All GRE takers want to know how to do well on the GRE. But what exactly does “doing well” mean? In truth, you don’t have to ace the GRE in order to do well on it — you just have to get the GRE scores you need to get into the programs you want to attend.
In this article, we’ll take an in-depth look at what doing well on the GRE really means and give you tips on how to get a good GRE score for you on test day.
What Does Doing Well on the GRE Mean for You?
“Doing well” on the GRE is a subjective concept, with different meanings for different test takers. To some test takers, a good GRE score is anything above average — say, in the 75th percentile or higher. For others, doing well on the GRE is simply getting a new personal record. For everyone, though, doing well means getting GRE scores high enough to get you into the grad programs of your choice.
But how can you determine what a good GRE score is for you, personally? The easiest way to define “doing well” for you is to find your goal scores for each section of the GRE. Goal scores are the scores most likely to get you into all of the programs you’re applying to.
Before we proceed, try using our guides to set your own Verbal, Quantitative, and Analytical Writing target scores. Then, once you’ve gathered all of your goal scores, read on for our six essential tips for how to get a good GRE score!
How to Do Well on the GRE: 6 Tips
Knowing how to get a good score on the GRE is the first step toward actually getting a good GRE score. Regardless of what a good GRE score means for you, the following tried-and-true tips cater to all levels of test takers and are certain to help you get the GRE scores you want — and ultimately deserve!
Before Test Day
How high of a score you get on the GRE primarily depends on how efficiently you prepare for the exam. Follow our four tips below to develop the content knowledge and confidence necessary for doing well on test day.
#1: Study Often and Effectively
In order to truly do well on the GRE, you must, above all, study often and effectively. How often you should study depends on the number of points you need to improve by in order to hit your goal scores, as well as how much time you have left before test day.
But, first, you’ll need to find your baseline scores for each GRE section. A baseline score is the score you start with before beginning any studying for the exam. This score essentially serves as a jumping-off point, representing your own GRE minimum and giving you an idea of how hard you’ll need to work in order to achieve your goal score. To find your baseline scores for Verbal, Quant, and AW, take an official GRE practice test using the PowerPrep II software.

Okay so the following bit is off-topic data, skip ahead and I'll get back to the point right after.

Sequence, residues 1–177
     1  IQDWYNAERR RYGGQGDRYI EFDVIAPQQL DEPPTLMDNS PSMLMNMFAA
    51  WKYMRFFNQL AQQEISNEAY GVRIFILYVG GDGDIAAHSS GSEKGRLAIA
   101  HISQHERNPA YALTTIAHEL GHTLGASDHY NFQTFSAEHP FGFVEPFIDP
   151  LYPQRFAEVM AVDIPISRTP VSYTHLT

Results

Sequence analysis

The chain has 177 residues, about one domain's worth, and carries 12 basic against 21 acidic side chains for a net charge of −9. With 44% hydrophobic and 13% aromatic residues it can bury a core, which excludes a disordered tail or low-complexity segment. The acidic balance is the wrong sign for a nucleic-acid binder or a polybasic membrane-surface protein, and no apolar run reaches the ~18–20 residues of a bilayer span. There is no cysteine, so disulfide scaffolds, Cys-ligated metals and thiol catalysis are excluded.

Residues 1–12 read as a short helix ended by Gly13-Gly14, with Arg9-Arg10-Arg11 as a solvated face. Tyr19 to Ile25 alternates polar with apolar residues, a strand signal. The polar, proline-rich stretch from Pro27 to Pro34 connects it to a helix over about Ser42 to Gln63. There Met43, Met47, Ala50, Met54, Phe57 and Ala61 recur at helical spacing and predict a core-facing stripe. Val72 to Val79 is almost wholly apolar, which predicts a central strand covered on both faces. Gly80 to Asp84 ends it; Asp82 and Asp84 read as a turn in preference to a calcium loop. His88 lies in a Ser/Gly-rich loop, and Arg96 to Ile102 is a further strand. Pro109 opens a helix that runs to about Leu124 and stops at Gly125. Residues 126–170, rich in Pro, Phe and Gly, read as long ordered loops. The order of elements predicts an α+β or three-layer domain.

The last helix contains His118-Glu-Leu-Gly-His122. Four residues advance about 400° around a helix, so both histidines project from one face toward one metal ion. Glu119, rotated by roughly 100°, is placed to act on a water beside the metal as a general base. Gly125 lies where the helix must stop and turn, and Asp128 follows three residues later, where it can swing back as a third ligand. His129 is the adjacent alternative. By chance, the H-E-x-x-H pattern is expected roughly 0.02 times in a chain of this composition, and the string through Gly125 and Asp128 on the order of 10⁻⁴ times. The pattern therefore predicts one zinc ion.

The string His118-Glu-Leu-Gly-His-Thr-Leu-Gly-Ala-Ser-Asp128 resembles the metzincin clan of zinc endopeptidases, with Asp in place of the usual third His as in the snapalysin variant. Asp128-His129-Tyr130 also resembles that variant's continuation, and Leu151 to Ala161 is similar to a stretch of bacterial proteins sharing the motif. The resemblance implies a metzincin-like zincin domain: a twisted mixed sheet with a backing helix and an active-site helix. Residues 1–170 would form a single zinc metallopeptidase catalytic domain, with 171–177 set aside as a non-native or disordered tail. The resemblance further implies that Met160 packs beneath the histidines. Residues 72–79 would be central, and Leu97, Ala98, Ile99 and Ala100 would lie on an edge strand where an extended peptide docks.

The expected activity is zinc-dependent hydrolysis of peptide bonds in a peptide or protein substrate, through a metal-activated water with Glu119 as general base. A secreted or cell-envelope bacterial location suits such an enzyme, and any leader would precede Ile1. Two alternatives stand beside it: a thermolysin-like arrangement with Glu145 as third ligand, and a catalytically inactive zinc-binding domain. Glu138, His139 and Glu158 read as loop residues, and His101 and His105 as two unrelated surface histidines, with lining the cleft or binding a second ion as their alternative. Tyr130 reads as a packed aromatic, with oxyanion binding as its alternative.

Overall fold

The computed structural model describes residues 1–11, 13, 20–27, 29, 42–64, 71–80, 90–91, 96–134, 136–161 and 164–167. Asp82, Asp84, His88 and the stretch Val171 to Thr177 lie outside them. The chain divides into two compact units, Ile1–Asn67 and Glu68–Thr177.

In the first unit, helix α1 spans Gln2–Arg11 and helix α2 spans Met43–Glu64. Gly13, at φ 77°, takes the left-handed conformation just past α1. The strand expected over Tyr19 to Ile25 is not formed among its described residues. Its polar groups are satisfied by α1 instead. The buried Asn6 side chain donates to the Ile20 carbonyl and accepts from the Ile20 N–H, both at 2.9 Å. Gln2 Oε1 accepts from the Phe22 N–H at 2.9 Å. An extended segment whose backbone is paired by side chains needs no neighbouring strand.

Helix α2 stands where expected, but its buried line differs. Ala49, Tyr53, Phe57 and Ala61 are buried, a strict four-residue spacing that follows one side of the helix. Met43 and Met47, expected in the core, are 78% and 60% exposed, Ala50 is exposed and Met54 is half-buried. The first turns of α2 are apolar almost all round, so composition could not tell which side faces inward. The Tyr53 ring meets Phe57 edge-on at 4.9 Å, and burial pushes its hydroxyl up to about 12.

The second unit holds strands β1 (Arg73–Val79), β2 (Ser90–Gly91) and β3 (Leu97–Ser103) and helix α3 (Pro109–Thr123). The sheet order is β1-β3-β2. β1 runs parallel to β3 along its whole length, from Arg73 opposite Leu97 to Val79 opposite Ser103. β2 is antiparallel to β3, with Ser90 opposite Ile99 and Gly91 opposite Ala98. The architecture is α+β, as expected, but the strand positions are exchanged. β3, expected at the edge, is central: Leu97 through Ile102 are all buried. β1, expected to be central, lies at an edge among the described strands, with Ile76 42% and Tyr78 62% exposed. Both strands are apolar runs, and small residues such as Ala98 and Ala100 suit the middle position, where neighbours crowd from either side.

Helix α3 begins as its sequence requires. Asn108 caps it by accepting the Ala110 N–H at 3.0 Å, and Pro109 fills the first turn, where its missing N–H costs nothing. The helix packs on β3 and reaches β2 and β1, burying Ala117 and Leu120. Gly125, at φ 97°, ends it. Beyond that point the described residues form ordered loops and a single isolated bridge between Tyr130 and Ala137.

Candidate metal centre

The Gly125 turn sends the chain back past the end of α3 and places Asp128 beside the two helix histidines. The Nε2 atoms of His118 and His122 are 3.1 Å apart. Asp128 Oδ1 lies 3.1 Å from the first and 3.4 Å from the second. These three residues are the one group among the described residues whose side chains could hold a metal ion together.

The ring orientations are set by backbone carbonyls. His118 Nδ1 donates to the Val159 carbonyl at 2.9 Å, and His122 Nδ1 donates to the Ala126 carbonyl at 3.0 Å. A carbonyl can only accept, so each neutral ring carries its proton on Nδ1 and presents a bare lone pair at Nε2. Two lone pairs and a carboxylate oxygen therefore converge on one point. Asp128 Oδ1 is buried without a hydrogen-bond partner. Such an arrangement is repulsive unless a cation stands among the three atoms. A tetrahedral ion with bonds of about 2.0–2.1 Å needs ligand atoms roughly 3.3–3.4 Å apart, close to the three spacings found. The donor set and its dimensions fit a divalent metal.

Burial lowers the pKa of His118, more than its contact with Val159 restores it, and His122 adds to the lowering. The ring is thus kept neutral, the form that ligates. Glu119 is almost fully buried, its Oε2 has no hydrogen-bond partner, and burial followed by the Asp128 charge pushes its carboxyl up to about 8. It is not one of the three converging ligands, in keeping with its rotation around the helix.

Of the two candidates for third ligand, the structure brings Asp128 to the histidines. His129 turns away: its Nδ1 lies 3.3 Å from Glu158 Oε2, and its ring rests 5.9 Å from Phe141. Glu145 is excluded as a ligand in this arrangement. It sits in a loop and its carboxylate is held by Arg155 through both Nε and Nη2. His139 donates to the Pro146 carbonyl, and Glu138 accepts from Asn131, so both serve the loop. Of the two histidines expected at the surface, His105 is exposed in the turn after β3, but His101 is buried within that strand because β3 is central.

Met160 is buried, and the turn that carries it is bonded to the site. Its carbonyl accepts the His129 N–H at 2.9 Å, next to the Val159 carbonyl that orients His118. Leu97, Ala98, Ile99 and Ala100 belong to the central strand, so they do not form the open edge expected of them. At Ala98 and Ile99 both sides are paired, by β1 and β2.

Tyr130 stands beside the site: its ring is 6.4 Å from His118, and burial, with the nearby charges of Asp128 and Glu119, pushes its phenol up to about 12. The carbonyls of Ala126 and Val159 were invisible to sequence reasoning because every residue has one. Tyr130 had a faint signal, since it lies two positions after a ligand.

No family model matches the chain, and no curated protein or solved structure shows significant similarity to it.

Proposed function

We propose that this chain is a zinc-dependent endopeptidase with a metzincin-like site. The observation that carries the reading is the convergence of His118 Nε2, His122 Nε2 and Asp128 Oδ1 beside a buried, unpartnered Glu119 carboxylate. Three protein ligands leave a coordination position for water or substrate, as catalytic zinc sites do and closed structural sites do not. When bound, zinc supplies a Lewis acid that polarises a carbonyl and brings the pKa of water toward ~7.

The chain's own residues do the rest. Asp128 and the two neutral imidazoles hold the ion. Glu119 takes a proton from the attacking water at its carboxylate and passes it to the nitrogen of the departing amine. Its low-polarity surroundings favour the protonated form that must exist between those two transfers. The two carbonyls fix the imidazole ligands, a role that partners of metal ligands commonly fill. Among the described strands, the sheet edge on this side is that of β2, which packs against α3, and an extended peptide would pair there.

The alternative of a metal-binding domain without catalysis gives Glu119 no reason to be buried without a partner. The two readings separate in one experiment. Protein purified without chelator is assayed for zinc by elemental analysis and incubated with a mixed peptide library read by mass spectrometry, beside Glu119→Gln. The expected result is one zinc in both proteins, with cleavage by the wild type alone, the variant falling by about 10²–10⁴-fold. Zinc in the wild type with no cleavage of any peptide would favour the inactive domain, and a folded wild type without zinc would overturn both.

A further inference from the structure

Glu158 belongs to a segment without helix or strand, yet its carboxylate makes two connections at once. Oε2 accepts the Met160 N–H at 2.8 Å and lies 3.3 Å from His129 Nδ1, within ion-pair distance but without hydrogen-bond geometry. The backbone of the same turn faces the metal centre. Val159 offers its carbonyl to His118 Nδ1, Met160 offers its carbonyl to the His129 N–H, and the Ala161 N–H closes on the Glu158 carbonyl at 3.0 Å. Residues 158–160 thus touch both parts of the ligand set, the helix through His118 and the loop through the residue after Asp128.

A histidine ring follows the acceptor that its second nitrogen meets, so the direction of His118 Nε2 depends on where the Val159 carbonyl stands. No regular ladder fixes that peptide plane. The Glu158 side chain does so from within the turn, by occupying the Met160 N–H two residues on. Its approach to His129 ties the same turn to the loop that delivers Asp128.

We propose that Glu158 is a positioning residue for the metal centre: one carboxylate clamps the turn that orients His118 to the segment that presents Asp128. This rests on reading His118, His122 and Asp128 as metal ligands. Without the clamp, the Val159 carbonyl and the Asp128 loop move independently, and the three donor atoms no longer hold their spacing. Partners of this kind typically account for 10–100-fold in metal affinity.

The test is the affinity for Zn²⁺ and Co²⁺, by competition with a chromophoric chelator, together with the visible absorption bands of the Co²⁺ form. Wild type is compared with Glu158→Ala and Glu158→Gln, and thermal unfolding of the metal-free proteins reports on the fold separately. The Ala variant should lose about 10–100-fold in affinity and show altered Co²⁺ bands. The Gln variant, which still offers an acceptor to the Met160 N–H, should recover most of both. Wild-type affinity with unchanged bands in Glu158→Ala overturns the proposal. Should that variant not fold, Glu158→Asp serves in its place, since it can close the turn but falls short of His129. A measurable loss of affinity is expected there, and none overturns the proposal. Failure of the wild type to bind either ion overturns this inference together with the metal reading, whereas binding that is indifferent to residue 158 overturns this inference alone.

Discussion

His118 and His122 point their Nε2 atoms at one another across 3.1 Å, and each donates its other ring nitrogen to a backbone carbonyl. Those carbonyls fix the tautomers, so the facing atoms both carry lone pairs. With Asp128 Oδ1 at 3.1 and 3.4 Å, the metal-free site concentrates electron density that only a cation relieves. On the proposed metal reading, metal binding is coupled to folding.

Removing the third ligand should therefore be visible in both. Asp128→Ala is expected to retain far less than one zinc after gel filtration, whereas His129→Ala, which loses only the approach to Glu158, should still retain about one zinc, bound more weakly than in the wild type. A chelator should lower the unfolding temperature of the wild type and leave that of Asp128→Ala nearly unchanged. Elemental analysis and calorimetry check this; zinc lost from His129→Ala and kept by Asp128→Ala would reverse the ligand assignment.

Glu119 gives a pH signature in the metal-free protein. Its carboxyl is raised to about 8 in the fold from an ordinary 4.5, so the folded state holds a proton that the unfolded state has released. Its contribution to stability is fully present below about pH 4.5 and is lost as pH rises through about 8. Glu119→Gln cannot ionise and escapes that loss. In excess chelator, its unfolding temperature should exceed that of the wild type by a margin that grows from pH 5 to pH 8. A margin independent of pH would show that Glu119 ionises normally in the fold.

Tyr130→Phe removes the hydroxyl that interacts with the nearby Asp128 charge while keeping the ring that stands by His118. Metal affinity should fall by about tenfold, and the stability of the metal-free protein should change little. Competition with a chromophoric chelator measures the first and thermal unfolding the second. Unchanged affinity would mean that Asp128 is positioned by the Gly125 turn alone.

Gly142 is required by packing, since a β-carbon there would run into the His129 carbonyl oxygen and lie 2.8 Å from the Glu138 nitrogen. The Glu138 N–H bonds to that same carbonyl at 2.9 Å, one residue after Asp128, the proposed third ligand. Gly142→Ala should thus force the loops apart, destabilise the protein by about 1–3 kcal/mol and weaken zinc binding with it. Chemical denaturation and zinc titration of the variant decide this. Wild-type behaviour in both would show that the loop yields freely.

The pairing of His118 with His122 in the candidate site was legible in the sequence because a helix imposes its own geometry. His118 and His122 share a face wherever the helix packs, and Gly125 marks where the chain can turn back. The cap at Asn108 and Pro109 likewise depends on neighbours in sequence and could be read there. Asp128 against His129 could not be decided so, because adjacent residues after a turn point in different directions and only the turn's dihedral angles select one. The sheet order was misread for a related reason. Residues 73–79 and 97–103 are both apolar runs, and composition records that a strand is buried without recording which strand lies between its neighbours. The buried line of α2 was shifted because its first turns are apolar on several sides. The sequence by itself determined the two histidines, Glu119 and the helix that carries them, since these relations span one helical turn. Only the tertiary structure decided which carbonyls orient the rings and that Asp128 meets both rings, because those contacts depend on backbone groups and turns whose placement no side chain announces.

Next, set your goal scores (use the links above if you haven’t done so already).
Now, calculate the differences between your goal scores and your baseline scores. How many hours you study depends on how many points you need in order to hit your goal scores. So, the higher the point increase you want, the longer you’ll need to study.
Here are the number of study hours it takes to get the following point increases:*
- 5-point increase = 40 hours
- 10-point increase = 80 hours
- 20-point increase = 160 hours
- 30-point increase = 240 hours
*Point increases are overall, not per section. For example, with 80 hours of studying, you could see a 10-point increase on Verbal alone, or a six-point increase on Verbal and a four-point increase on Quant.
If you follow our guide to making a GRE study plan, you’ll see there are tons of ways you can arrange your study schedule. Perhaps you only have a month or so before test day, or perhaps you have several months you can dedicate entirely to studying. Whatever the case, what really matters is that you’re studying effectively.
But what does “effective studying” mean? In addition to the specific topics and strategies outlined in our GRE study plan and ultimate GRE study guide articles, effective studying also means to:
- Carve out a dedicated study area. Your computer desk, the local library, a home office … no matter where you choose, just be sure you have a place you can go to that’s quiet, organized, and 100 percent primed for studying.
- Avoid distractions. We live in a tempting world! But, for the sake of your GRE score, put your phone away and refrain from browsing the web. All these distractions will do is pull you out of the zone, thereby limiting your ability to focus and retain what you’re learning.
- Stick to your study plan. Sure, it can be tempting to break routine and let loose with a couple of pals, but spontaneity isn’t ideal for a GRE study schedule. Once you have a convenient study routine in place, stick to the schedule as stringently and as often as you can. Remember, the GRE doesn’t last forever, and your friends will still be around after you’ve taken the exam.
- Study on the go if necessary. If you lead a busy life and lack ample time to study for the GRE, it’s OK to pull your phone out and do a little reviewing on the go with high-quality GRE apps and games. While GRE apps should never replace your primary study methods, they’re a solid supplement for those who struggle to make time for lengthy study sessions. Plus, they keep your mind sharp throughout the day!
#2: Use High-Quality Prep Materials
There’s no point in studying for the GRE if you’re not going to take advantage of the best prep resources currently available to test takers. High-quality prep materials give you the most realistic GRE practice you can get. Examples include all official ETS resources (both free and paid) and our picks for the best GRE prep books of 2016.